-NZD falls broadly against G10's as bond yields head lower.
-Technical analysts eye firm support for NZD/USD at 0.70.
-Strategists flag potential for Kiwi rebound next week.
© Naru Edom, Adobe Stock
The New Zealand Dollar fell broadly on Friday as risk currencies weakened and the US Dollar advanced on its developed world rivals although, according to strategists at Australia and New Zealand Banking Group, the Kiwi currency could be due a rebound once in the coming days.
New Zealand's currency was the worst performer against the US Dollar in April, dropping close to 3% over the course of the month, and appeared to be vying to retain this crown during the first week of May. The NZD/USD rate has dropped close to 1% during the last week, which has pushed it to a 0.96% loss for the 2018 year-to-date.
However, next week brings the latest inflation expectations survey and interest rate decision from the Reserve Bank of New Zealand, which may extend a lifeline to the embattled currency.
"Developments since the last meeting have been positive for the inflation outlook and the RBNZ is likely to acknowledge them. But uncertainties remain, and the Bank will likely maintain a cautious approach. There is a risk, however, that the OCR path may be nudged higher and this could provide a catalyst for some short-term NZD strength," says Giulia Lavinia Specchia, an FX strategist at ANZ Research.
The RBNZ releases its latest inflation survey on Tuesday at 04:30 am London time while the central bank's interest rate decision and accompanying statement is due to hit the market at 10:00 pm Wednesday.
Economists are unanimous in expecting the RBNZ to hold its interest rate at the current record low of 1.75% although the event will still garner attention because it is the first policy decision with new governor Adriann Orr at the helm and the statement could contain hints about when rates will eventually rise and how high the RBNZ sees them going.
Specchia and the ANZ team have changed the stop loss to 1.0650 on their AUD/NZD trade to lock in some of their profits, which might be wiped out if the RBNZ triggers a rally in Kiwi exchange rates. They are not alone in thinking the Kiwi currency may soon be due some respite from the relentless pressure it's seen during recent weeks.
"NZD/USD remains under downward pressure, thanks to the resurgent US dollar. Having shed 2.5c during the past two weeks, it will soon need a rest, but 0.7000 is possible this week," writes Imre Speizer, an FX strategist with Westpac. "Longer term, we are looking for a decline towards 0.6800 by year end, based on the USD responding to the Fed-generated rise in US yields."
Above: NZD/USD rate shown at daily intervals.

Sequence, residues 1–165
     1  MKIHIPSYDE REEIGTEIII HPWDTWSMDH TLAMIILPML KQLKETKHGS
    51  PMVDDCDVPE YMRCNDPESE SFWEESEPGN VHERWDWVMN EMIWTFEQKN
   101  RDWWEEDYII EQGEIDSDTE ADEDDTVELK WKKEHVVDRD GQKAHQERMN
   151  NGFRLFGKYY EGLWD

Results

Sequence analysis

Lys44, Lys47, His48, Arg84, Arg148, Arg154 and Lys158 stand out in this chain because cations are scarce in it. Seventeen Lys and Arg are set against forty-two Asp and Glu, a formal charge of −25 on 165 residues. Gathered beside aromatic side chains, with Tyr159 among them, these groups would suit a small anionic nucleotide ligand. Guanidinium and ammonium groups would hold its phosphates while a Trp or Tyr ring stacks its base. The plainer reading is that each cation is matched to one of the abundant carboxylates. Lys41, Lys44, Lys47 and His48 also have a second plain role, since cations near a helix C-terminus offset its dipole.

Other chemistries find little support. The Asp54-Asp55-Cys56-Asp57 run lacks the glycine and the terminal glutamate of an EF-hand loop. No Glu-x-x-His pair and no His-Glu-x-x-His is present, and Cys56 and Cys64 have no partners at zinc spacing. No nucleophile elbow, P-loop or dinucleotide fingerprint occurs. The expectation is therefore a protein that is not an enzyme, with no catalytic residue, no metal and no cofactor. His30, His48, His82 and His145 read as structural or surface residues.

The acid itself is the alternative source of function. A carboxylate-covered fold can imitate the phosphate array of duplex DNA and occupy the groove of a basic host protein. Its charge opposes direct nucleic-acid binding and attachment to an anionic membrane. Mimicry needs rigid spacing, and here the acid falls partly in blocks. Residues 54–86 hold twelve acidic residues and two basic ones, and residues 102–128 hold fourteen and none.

The NZD/USD rate was quoted 0.40% lower at 0.7011 during the noon session Friday while the Pound-to-New-Zealand-Dollar rate was 0.06% higher at 1.9288.
Above: Pound-to-New-Zealand-Dollar rate shown at hourly intervals.
Shifting interest rate dynamics in global bond markets have been at the heart of the Kiwi Dollar's recent decline as the support from higher relative bond yields that was traditionally enjoyed by the currency has been increasingly undermined during the 2018 year so far.
US 10 year yields have risen steadily in 2018, from a low of 2.4% to nearly 3% Friday, due to an increase in the supply of American bonds and as markets continue to flirt with the idea that the Federal Reserve could look to increase the pace at which it raises interest rates in the months ahead. Meanwhile, the Kiwi 10 year yield has fallen from 3.4% at the beginning of 2017 to just 2.8% in the first week of May.
These changes mean investors can now earn a higher return by selling Kiwi Dollars and buying the greenback in order to park their money in the American bond market. This is the opposite of how the so called "carry trade" used to work, where investors would sell US Dollars and other currencies in order to exploit the higher returns available in New Zealand.
"NZD remains soggy amid narrowing of NZ-UST yield differentials. Bearish momentum on daily chart remains intact but stochastics is entering oversold conditions and is showing tentative signs of turning from oversold conditions. Downside likely to be limited towards 0.6960 levels," says Saktiandi Supaat, and FX strategist at Maybank in Singapore.
The problem of falling yield support has been made worse for the Kiwi by the fact the RBNZ is universally expected to sit on its hands for another year, keeping its interest rate at a record low, while the Federal Reserve, Bank of England, Bank of Canada and European Central Bank all take steps to "normalise" their monetary policies.
This means the direction of travel is also unfavourable for the Kiwi currency, not just the present situation. It would take a strong hint from the RBNZ about the prospect of interest rates rising sooner than markets currently expect in order to shock the Kiwi currency back into life.
Such a hint could be delivered through tweaks to the RBNZ inflation forecasts next Wednesday or changes to its projections for interest rates over the longer term. And it's not just the ANZ research team that suspect something of that nature may happen fairly soon.
"Inflation temporarily dipped in Q1 this year as tertiary education became "free”, but we see upside ahead due to the following," says Annette Beacher, chief Asia Pacific macro strategist at TD Securities. "(1) Kiwibuild boosting construction costs (labour and materials) (2) a lower TWI boosting tradable inflation; (3) the acceleration in the minimum wage filters through to wage pressures more broadly; as (4) the planned decline in immigration scales back the supply of labour (skilled and unskilled)."
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